ARUSHA and Ngorongoro districts are enjoying an improved state of education provision in primary schools, thanks to support from The Robin & Sylvia Goodall Foundation.
The Foundation, headed by Mr Andrew Goodall has chipped in to support the government so that from the young age, children learn well how to manage resources.
Mr Goodall, a famous British businessman, says his partners, workers of the foundation and himself resolved to invest in education in Tanzania for their love for the country.
Tanzania has a lot of resources and should target to be leading economically in Africa and that could only be achieved through provision of quality education from low levels, according to Mr Goodall.
The organisation supports individuals on their journey to becoming independent in order to live a flourishing and fulfilled life. “We work in partnership with others to enable children, young people and their communities to stand on their own two feet with confidence and to find success, purpose and happiness in learning, work and life.
“We seek to establish new models of charitable work that marry business with social good—applying latest business concepts and methodologies in order to break the cycle of dependence between beneficiaries and benefactors.
These models include corporate partnerships, social investment as well as grant seed-funding and consultancy,’’ he says. Mr Goodall says theirs is a new charity; they have in place a team with decades of experience in non-profit, education, business and entrepreneurship.
It is such skills that he says should and are being imparted in Tanzanians, as it is learned people who could manage resources well. Having visited Arusha and Ngorongoro, Mr Goodall does not hide his sadness when he recalls how pupils have been learning while seated on the floor instead of using desks.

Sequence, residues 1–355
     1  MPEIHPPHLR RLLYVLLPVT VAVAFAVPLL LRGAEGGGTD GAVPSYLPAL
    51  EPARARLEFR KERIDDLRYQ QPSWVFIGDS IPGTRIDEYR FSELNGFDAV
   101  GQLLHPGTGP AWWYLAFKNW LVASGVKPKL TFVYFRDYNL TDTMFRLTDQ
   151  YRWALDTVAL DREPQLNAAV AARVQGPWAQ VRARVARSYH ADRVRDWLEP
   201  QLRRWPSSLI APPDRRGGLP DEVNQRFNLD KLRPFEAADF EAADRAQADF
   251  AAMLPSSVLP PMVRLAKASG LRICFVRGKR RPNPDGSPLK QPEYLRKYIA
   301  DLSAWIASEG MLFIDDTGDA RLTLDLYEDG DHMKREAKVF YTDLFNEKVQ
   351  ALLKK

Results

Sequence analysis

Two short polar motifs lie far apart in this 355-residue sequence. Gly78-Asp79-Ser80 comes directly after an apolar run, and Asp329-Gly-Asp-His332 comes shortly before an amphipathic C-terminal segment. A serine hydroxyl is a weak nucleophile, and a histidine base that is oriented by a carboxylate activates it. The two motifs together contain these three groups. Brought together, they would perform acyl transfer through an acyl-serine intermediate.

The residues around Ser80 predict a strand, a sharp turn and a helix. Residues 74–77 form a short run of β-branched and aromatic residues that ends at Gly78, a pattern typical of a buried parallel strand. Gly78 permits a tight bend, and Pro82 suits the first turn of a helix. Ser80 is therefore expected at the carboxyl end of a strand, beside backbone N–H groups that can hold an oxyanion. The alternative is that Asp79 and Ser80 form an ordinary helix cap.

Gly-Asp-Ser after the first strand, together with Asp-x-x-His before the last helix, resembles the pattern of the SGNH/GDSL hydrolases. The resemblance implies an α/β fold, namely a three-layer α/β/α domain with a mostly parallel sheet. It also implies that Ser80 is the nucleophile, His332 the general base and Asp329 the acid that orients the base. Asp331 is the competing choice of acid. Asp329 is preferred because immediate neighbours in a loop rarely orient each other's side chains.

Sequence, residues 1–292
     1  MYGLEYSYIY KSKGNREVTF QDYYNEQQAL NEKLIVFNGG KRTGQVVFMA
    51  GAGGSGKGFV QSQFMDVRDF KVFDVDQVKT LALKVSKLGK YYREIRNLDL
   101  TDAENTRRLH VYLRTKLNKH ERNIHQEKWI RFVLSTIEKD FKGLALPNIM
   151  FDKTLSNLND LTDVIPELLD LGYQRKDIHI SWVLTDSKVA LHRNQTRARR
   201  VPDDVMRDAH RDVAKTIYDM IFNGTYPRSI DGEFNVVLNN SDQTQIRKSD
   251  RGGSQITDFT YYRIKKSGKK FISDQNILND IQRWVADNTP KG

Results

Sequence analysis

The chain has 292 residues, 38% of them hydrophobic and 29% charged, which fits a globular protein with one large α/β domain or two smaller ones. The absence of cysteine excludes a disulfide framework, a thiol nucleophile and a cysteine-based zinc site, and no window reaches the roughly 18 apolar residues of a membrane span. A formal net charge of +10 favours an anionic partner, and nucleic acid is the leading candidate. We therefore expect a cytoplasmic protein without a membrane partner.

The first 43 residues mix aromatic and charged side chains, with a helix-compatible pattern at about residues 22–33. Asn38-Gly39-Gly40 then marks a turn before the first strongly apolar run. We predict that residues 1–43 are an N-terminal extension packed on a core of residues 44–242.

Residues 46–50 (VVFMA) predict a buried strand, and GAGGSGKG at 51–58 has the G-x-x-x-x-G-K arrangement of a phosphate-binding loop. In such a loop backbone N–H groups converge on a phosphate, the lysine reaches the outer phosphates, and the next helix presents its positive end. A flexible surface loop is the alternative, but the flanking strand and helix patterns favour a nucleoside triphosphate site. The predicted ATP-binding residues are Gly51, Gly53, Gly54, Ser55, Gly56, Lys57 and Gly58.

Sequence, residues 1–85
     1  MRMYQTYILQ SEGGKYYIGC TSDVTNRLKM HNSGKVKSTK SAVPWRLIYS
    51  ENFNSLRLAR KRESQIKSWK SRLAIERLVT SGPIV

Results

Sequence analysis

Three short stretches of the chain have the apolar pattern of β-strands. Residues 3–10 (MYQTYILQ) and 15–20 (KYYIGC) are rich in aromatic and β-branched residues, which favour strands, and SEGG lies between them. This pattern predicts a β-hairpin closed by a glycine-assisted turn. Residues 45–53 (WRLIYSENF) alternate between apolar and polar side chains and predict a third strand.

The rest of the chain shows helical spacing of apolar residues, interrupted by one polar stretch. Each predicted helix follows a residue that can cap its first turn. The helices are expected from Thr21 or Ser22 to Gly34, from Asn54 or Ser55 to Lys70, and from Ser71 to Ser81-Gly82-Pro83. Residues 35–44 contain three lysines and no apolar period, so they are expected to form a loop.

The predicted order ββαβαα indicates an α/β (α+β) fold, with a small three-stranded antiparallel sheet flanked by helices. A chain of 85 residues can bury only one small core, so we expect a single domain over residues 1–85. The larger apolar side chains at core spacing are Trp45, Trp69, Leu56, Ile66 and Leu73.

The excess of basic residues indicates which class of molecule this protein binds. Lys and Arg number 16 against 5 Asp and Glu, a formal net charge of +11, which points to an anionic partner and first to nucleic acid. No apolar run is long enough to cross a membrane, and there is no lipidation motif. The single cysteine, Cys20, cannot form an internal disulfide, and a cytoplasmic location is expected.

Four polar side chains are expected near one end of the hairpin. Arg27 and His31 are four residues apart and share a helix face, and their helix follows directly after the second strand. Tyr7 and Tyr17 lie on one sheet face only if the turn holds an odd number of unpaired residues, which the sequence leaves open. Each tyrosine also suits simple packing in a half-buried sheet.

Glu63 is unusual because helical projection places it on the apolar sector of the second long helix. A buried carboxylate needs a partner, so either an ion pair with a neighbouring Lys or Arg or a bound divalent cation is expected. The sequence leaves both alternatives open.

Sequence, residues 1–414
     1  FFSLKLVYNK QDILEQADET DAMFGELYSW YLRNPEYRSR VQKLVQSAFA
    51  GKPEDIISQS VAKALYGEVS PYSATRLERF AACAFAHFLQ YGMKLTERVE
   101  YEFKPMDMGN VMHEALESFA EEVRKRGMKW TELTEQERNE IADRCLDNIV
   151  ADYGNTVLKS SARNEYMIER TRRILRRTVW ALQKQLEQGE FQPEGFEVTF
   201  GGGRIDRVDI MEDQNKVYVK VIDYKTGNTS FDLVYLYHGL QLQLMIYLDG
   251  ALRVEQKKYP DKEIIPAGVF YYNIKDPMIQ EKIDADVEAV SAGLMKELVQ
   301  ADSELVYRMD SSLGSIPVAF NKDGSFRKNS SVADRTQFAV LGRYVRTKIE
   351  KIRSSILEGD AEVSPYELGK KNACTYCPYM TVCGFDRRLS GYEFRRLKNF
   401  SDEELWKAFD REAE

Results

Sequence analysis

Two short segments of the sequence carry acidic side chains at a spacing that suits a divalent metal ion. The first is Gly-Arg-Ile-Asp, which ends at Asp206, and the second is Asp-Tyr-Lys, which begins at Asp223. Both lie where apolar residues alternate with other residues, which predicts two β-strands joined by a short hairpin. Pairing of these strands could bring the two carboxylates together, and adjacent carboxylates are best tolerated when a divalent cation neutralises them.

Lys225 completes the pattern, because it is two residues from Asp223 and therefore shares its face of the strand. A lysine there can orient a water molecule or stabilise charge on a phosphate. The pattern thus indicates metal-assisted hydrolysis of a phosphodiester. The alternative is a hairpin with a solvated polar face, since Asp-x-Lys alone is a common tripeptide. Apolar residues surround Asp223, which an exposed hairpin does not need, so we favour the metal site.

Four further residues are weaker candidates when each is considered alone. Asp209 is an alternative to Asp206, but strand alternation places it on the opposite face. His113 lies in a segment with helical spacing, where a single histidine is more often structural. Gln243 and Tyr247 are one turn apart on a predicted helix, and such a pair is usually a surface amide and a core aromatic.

He seems also not contented with amount and quality of food supplied. Another challenge that has been singled out by many individuals and institutions after researches is long distances between pupils; homes and schools they attend.
This has a lot of ramifications, from lack of concentration in class, poor pass marks to early pregnancies and dropouts in schools. For the two districts, particularly, the foundation has embarked on setting good environment for quality education that would be beneficial to the teachers, pupils and the schools.
The project entails, among other things, training to teachers on leadership skills and how better to deal with pupils and make them understand better what they are taught and how the same should be applied in managing country’s resources.
In the current session 25 head teachers got the training. The chairman says that what is done in Tanzania has been as well extended to India “We adopt a rounded view of who individuals are, how they live and what they need.
We have developed a holistic impact model that allows us to have a multifaceted yet focused structure to our work. There are three interconnected areas; Education - formal learning at school and elsewhere) Strengths & Skills – personal development and life skills and Enterprise & Innovation – new, sustainable models of charitable activity. We particularly look to support projects whose impact goes across two or three of these areas,” he says.
Mr Gabriel Daqarro, Arusha District Commissioner thanked Mr Goodall for deciding to use his own funds to improve education in Arusha and Ngorongoro districts.
He promised that the government would cooperate with the Foundation so that more teachers get leadership training, renovate school buildings and construct modern laboratories to ensure quality education is provided.
Ngorongoro District Education Officer, Ms Anyamisye Mahali says the training would highly change the way of teaching and pupils would benefit a lot. His district’s education office would strive to ensure that Ngorongoro gets number on slot in quality of education provided within the region and Tanzania generally.
The Director of Education with the Goodal Foundation, Lynn Thackway says it all started back in January 2016 when they held a conference for over 100 delegates including 62 head teachers in Ngorongoro district.
“The area has a large Maasai population and the schools are remote, difficult to access with children often walking one to two hours to get to school with no food to sustain them through the day; quite a grim picture.
What we encountered at that conference was a group of head teachers who were passionate about changing their schools and thirsty for advice, guidance and leadership training.
“What followed this experience and based on their feedback was a two-day conference in June 2016 at Karatu for a group of 64 head teachers and their deputies from Ngorongoro and Longido districts facilitated by the University of Brighton. It became evident that the head teachers needed leadership training in order to mentor their colleagues,” says Ms Thackway.
After researching what happens in the UK and what was available in Africa, she says, The Goodall Foundation decided to support transformation of primary education through a new Educators’ Leadership and Management Programme.